The first major political issue is the level of transparency required when countries announce their initial post-2020 targets early next year. Clarity around exactly what countries are offering is critical to trust-building among nations. It's also necessary to work out whether the targets are consistent with the agreed global goal of limiting global warming to less than 2°C.
The key test of the international framework is whether it helps or hinders stronger domestic emissions reductions through time.
The second issue is the treatment of adaptation. As climate change impacts have grown, the most vulnerable countries are increasingly seeking help and assurances that they will not be left behind. The World Bank has noted on numerous occasions that climate change threatens to set back decades of development in many of the world's poorest nations. African nations, small island states and many countries in Latin America are seeking to ensure the post-2020 framework recognises this reality and helps countries manage the risks and costs of unavoidable climate change.
The third major political issue is related to both emissions reductions and adaptation. International climate finance for the world's poorest nations, through both public and private sector sources, is critical to building resilience to climate impacts but also supporting low-carbon economic development. Since Copenhagen, the international community has been working to establish the Green Climate Fund to help facilitate climate finance. Around $10 billion has now been committed to the international pool of money, with contributions from most major developed nations (not Australia) and even some emerging economies like South Korea and Mexico.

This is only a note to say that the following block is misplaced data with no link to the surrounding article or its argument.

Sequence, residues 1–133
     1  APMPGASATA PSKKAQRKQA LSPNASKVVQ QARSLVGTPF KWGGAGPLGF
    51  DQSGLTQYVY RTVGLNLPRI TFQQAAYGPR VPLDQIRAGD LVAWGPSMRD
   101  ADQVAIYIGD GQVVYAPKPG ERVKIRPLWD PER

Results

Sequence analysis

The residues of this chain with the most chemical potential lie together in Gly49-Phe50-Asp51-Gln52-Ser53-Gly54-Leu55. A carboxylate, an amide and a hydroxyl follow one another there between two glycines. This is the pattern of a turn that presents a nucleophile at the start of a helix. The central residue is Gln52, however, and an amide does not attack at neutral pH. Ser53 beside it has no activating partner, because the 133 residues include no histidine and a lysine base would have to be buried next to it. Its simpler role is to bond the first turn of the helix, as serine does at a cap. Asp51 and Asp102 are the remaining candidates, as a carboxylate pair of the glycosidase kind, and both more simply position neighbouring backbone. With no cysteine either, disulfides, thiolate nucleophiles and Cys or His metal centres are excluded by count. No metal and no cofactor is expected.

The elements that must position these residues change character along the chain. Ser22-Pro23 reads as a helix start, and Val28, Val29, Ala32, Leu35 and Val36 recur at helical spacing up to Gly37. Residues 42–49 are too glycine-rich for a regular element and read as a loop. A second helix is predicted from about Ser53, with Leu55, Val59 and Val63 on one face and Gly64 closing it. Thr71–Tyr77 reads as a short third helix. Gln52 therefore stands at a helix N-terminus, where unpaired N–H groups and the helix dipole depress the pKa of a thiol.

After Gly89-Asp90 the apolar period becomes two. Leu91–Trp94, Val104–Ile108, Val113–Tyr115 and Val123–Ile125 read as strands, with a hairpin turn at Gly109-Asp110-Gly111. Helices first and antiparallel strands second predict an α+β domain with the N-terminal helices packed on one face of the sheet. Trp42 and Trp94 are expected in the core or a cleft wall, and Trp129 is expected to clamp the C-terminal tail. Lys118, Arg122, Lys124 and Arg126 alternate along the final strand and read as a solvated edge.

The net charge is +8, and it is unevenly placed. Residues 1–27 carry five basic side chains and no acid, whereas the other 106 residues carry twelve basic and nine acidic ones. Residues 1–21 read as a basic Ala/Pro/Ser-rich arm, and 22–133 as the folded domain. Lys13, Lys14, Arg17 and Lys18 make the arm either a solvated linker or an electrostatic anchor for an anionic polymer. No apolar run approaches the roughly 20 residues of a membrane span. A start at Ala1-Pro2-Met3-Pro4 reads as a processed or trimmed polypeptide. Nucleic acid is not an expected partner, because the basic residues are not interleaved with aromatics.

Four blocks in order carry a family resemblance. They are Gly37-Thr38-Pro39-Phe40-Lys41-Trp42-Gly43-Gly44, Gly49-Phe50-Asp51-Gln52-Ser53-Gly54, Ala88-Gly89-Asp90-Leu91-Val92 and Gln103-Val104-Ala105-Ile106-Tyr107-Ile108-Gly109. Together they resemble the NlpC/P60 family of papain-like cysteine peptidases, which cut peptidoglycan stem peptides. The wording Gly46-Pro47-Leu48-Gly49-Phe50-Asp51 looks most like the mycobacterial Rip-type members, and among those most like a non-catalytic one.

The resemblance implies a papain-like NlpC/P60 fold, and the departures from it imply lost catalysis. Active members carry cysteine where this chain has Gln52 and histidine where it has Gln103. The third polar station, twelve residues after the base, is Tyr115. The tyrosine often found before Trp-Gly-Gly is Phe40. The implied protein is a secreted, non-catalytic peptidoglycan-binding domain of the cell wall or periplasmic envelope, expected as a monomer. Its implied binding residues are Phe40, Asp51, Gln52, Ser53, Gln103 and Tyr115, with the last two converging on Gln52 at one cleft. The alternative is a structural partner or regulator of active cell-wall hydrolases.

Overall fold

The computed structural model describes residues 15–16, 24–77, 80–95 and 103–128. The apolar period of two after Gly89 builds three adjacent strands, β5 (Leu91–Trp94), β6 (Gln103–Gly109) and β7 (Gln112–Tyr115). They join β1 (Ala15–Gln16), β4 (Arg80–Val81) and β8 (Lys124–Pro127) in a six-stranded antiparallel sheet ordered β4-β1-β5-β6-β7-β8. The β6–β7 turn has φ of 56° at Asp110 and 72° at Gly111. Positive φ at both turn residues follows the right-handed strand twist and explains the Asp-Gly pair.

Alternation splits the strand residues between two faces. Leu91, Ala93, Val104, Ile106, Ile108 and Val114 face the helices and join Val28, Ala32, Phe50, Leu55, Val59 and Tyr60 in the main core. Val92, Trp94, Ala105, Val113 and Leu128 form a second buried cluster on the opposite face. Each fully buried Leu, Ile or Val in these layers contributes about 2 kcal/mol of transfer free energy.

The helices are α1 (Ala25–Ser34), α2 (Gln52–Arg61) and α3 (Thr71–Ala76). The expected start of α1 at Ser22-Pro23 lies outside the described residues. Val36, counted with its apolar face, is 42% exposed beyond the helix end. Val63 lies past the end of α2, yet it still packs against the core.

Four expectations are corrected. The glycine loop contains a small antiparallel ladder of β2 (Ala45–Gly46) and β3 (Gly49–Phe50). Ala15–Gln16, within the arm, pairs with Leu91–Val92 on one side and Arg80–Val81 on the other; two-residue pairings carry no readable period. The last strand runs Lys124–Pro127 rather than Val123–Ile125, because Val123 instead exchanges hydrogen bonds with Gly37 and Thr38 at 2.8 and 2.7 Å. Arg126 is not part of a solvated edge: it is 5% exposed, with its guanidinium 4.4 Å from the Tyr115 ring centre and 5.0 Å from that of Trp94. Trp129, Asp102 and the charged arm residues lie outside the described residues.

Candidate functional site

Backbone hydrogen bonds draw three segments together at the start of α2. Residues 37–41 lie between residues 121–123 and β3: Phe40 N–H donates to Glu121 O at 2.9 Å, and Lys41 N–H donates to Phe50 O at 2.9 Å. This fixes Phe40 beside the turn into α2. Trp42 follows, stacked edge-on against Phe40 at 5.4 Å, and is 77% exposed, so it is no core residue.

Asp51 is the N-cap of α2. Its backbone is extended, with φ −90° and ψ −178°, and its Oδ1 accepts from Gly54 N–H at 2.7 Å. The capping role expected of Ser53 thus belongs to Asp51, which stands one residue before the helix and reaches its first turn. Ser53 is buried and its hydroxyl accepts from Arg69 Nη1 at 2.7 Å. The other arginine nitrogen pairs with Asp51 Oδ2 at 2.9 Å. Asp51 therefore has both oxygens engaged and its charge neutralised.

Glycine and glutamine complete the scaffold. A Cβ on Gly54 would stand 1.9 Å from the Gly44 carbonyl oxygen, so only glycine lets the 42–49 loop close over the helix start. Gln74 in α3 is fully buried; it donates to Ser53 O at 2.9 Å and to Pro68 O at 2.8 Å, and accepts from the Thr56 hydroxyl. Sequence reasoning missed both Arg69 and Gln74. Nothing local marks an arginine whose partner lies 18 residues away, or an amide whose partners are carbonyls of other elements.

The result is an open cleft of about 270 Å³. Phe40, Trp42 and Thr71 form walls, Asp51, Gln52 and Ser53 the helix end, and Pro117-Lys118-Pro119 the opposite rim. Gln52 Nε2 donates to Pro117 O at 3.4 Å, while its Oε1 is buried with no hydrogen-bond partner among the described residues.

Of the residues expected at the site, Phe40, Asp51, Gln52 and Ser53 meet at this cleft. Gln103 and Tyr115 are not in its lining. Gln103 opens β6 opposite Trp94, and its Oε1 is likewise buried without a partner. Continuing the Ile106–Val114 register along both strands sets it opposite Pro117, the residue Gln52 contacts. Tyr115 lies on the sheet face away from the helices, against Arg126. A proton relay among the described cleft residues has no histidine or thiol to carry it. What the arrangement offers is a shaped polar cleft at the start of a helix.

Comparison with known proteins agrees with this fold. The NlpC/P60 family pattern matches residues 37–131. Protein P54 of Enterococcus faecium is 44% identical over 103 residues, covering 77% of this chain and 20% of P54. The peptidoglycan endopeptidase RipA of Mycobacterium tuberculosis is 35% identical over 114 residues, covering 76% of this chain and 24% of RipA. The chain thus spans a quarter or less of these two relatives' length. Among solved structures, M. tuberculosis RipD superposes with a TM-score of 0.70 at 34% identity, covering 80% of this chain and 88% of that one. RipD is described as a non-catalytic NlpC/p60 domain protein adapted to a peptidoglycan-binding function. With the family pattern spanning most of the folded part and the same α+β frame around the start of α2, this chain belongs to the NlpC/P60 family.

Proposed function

Although the underlying trends remain positive — in fact, because they are — the Lima meeting is likely to be a messy, difficult negotiation. There is much to thrash out — and because countries want it to be thrashed out, there will be political fireworks, posturing and tough debates long into the night. This is inevitable as countries seek to find the right balance of these core political issues.
No one is likely to leave Lima happy — indeed it will indicate a successful meeting if all the major countries leave equally unhappy.
Recent post-2020 target announcements and contributions to the Green Climate Fund should build confidence and allow countries to focus on setting out a clear run into next year's negotiations. Success is not assured and will not be easy, but clear progress on the transparency of commitments, adaptation and climate finance can ensure Lima sees us stride, not shuffle, towards Paris.
Erwin is Deputy CEO of The Climate Institute. With nearly 20 years practical experience in climate change policy
and research, Erwin has developed and led many national and
international programs aimed at reducing greenhouse pollution. This work
has been undertaken in Australia, Europe, North and South America, the
Pacific and Antarctica. He has represented non-governmental groups and
advised government and business in national, regional and international
fora, including being a non-governmental expert reviewer of the reports
of the UN’s Intergovernmental Panel on Climate Change. Erwin has written, researched and produced many
publications on climate change and energy policy including a number of
review papers in scientific journals such as the Medical Journal of